unco (pronounced ung-ka)
Unco means very or extremely.
The island has a whisky trail for the unco drouthy.
The phrase unco guid is used to describe those who are excessively religious,
self-righteous, or narrow-minded. One of Burns's most well-known poems is the 'Address to the
Unco Guid', an attack on the rigidly righteous.
Is Gaeldom populated exclusively by drunks and the unco guid?
Unco is also used to mean strange or unfamiliar.
The word is a Scottish variant of uncouth.
Up-Helly-Aa (pronounced up-hell-ee-ah)
Up-Helly-Aa is an annual festival held in Lerwick in Shetland on the last Tuesday of January. The last hundred years has seen it evolve from a fire festival honouring the sun during the winter solstice into a celebration of Shetland's Norse heritage. The culmination of the modern-day festival consists of a torch-lit procession of locals dressed in Viking costumes who then throw their torches into a Viking long ship newly built by the islanders.
The word is from up finished and haliday a Scots form of holiday, as the celebration comes at the end of the Yule holiday.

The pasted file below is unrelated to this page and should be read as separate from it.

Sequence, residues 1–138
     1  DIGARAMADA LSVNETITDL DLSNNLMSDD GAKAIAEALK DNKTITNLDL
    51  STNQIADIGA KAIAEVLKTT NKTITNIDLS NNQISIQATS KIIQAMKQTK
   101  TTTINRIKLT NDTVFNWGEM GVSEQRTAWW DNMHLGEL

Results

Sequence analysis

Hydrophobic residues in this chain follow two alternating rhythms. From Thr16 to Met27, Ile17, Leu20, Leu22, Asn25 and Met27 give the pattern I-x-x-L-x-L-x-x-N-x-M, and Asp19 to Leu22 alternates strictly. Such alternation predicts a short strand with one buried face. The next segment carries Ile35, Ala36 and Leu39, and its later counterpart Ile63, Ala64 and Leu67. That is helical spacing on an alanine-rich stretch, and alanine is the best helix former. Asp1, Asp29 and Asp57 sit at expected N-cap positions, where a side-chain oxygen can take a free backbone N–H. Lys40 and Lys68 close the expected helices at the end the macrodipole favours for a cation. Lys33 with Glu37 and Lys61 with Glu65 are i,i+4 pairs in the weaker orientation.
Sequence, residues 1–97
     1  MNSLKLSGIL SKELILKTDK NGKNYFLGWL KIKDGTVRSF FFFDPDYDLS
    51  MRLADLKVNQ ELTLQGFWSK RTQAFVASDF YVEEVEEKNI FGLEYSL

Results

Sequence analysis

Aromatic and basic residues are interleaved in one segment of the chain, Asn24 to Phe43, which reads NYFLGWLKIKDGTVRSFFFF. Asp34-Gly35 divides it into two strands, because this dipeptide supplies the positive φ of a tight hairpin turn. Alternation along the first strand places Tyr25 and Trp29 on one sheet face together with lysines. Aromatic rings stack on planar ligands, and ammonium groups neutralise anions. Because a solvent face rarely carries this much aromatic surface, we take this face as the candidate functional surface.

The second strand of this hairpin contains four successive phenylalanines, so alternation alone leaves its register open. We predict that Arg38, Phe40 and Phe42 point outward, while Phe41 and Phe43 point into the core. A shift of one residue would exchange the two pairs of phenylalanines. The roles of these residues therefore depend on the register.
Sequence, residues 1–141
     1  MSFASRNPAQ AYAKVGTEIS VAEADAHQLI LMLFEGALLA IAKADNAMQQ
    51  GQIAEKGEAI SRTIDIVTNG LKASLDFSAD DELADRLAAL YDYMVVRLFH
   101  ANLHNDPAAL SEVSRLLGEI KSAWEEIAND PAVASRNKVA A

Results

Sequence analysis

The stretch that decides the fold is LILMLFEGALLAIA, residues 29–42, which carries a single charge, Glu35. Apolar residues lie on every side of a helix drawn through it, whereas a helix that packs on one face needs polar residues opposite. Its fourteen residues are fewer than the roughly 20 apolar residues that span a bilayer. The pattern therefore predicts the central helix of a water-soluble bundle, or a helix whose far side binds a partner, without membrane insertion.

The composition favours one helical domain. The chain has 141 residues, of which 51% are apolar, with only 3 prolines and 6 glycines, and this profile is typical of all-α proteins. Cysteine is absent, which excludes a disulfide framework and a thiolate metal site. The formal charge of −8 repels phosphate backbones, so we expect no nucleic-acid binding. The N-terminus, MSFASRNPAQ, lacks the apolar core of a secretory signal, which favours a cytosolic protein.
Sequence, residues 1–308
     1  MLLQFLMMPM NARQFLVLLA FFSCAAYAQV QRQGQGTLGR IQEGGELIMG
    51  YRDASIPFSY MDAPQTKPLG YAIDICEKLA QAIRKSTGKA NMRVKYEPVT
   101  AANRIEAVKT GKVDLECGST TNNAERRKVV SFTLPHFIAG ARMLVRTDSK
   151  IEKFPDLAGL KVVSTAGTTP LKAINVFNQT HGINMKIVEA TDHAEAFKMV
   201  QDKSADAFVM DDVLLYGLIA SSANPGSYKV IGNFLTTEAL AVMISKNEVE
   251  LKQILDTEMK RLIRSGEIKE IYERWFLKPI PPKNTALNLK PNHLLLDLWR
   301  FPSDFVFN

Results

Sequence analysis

uplift (pronounced up-lift)
To uplift is to pick up, collect, or take possession of something.
They had instructed their hauliers not to uplift grain if there was any doubt about where it had been stored.
...He came round to uplift the rent.
The upset price of an item at an auction in Scotland is the minimum price at which the owner is willing to sell. The English equivalent is reserve price.
ur (rhymes with fur)
In Glasgow and West Central Scotland, ur is a spoken form of are.
¨rlar (pronounced oor-lar)
In bagpipe music an ¨rlar is the basic tune around which a pibroch is based.
The word is Gaelic and means floor.
urnae (rhymes with journey)
In Glasgow and West Central Scotland, urnae is a spoken form of am not.
Am urnae guan tae the dancin the night.